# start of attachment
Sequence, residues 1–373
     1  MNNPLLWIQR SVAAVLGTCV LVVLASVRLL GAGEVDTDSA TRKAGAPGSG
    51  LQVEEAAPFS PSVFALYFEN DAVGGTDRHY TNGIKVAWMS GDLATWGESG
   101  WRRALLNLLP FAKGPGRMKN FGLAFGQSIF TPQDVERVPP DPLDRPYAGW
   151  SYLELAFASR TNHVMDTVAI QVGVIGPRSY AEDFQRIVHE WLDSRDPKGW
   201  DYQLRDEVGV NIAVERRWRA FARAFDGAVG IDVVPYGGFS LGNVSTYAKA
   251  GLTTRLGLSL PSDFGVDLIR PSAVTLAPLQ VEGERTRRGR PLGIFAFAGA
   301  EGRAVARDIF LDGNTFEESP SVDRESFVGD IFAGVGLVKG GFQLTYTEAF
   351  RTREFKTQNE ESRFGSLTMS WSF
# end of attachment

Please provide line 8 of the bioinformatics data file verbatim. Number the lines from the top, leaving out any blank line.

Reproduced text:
   301  EGRAVARDIF LDGNTFEESP SVDRESFVGD IFAGVGLVKG GFQLTYTEAF